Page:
December 10th, 1979 was a major moment in Taiwan's history. When it took place, it was hardly noticed internationally, but since then it has been recognized as an important turning point in the island's recent transition to democracy. It galvanized both the Taiwanese people in Taiwan as well as the overseas Taiwanese community into political action.
The movement subsequently formed the basis for the democratic opposition of the DPP and its overseas support network of Taiwanese organizations in North America and Europe. Virtually all leading members of the present-day democratic opposition had a role in the event, either as defendants or as defense lawyers.
Below, we present a summary of the event and its aftermath, while a full account is given in our publication The Kaohsiung Tapes (60 pages, 1300 Kbytes, Acrobat PDF-file), which carries a translation of sound tapes made during the evening of 10 December 1979. Extensive present-day coverage of the commemorations of the Kaohsiung Incident in Taiwan can be found in the Taipei Times.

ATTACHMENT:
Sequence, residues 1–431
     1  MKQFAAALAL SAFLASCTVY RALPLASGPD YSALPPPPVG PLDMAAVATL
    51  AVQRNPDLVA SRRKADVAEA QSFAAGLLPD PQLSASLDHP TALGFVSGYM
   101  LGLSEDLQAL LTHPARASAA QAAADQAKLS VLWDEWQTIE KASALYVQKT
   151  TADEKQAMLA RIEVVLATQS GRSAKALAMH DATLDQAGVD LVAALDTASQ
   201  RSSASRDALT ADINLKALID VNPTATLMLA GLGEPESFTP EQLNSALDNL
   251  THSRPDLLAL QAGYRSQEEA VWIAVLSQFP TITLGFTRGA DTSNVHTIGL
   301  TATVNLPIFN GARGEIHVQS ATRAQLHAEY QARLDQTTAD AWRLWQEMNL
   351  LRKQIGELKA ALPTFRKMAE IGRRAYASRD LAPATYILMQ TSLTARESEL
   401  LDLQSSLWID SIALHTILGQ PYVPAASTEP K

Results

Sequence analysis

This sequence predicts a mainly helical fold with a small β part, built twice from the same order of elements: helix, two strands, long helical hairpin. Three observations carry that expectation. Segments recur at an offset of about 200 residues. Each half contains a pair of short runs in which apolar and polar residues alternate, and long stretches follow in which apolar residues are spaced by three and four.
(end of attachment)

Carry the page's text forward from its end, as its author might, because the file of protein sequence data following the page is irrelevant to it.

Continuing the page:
The now well-known event of the evening of 10 December 1979 started out as the first major human rights day celebration on the island. Until that time the authorities had never allowed any public expression of discontent, but in the summer of 1979 a slight thaw had set in, during which two opposition magazines were established: Formosa Magazine, headed by veteran opposition Legislative Yuan-member Huang Hsin-chieh, and The Eighties, headed by up and coming opposition leader K'ang Ning-hsiang.
Formosa Magazine quickly became the rallying point for the budding democratic movement. During the fall of 1979, it became increasingly vocal, and it was only natural that it would use 10 December as an opportunity to express its views on the lack of democracy and human rights on the island. When the day arrived,